12. None can deny that the concept of equality embodied in Art. 14 is of paramount importance in the maintenance of a democracy. In a comment entitled 'Equal Protection of the Laws in Malaysia and India' Harry K Groves said:
'There is, perhaps, no single provision of any democratic constitution about which one could say, 'if all else were lost yet this one remain, the Government could still be demo-cratic' But the provision for equality would come close to filling such a description. (American Journal of Comparative Law, Vol. 12, page 385)
13. Absolute equality, however, can never be a practical reality; and all laws have hence to be based on a classification of some kind or another. What brings down the wrath of Article 14 is not the existence of a classification but its lack of reasonableness.
14. The two conditions that must be satisfied in order to pass the test of permissible classification were clearly laid down in Budhan Choudhry v. State of Bihar. AIR I655 SC 191. They are:
(I) that the classification must be founded on an intelligible differentia which distinguishes persons or things that are grouped together from others left out of the group; and
(ii) that that differentia must have rational relation to the object sought to be achieved by the statute in question.
15. It is true that the power of the Legistature in respect of taxing statutes is of wide range and flexibility and that a larger discretion in the matter of classification it permitted in view of the inherent complexity of the fiscal adjustment of diverse elements. But, as pointed out by the Supreme Court in Khandige Sham Bhat v. Agricultural Income-tax Officer, AIR 1963 SC 591, the Legislature has nonetheless to adhere to the fundamental principle underlying the doctrine of equality.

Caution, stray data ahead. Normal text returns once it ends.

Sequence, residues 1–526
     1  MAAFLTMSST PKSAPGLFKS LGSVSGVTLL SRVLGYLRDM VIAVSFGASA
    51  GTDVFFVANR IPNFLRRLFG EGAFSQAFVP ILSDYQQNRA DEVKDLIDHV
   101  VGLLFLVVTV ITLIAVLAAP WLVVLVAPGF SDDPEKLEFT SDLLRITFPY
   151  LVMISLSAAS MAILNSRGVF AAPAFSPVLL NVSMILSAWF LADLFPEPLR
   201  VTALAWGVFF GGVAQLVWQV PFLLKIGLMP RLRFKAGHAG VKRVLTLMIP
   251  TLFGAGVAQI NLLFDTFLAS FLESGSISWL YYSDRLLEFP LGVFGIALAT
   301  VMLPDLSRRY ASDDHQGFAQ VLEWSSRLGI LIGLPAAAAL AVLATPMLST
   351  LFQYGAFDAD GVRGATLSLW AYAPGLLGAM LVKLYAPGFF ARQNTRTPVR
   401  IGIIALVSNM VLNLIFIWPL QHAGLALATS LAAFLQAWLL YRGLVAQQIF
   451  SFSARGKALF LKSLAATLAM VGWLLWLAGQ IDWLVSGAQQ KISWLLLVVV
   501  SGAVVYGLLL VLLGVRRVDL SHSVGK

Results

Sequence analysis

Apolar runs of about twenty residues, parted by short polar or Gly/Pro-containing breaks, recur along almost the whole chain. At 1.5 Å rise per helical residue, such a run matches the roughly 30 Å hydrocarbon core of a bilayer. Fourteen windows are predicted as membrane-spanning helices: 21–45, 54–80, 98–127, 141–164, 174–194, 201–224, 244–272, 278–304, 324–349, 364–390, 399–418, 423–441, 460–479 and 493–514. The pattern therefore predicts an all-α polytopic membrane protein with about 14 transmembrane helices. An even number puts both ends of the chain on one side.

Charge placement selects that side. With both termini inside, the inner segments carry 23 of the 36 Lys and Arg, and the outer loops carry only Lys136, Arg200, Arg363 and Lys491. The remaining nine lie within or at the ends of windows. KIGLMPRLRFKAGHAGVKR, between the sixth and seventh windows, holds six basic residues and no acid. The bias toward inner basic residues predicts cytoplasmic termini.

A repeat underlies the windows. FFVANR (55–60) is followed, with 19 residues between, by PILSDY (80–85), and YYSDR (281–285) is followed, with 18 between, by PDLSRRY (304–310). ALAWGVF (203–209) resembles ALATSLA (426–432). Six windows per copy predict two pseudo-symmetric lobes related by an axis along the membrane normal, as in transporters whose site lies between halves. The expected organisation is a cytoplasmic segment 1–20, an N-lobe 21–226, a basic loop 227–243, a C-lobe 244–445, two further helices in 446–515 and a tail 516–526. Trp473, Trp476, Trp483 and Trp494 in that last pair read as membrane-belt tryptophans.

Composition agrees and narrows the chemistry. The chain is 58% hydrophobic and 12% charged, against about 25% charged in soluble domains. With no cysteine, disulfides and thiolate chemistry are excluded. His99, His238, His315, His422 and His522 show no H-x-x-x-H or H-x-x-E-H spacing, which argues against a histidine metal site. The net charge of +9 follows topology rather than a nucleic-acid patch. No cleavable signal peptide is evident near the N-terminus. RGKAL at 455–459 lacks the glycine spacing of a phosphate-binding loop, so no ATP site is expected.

16. The classification on the basis of floorage adopted in the Act is not founded on any intelligible differentia. An intelligible differentia in a case like this will have to be based not merely on floorage but also on value or income. A classification in a taxing statute is intended to equalise, as far as possible, the burden of taxation. And the burden of a buildings tax can never be equalised when It is based solely on floorage and ignores all' the other relevant considerations.
17. The Kerala Buildings Tax Act. 1991, as stated therein, is an Act to provide for the levy of a tax on buildings'. It is not an Act to restrict or regulate the floorage of new con-structions; and it is also not possible to say that there is any nexus between the classification on the basis of floorage adopted in 'the Act and the object for which its provisions have been enacted.
18. In Kunnathat Thathunni Moopil Nair v. State of Kerala, AIR 1961 SC 682, the validity of the Travancore-Cochin Land Tax Act, 1666 (as amended by the Travancore-Cochin Land Tax (Amendment) Act, 1967) came up for consideration. The preamble to that Act said that the Act was intended to provide for the levy of a low and uniform rate of basic tax on all lands in the State; and Section 4, the charging section: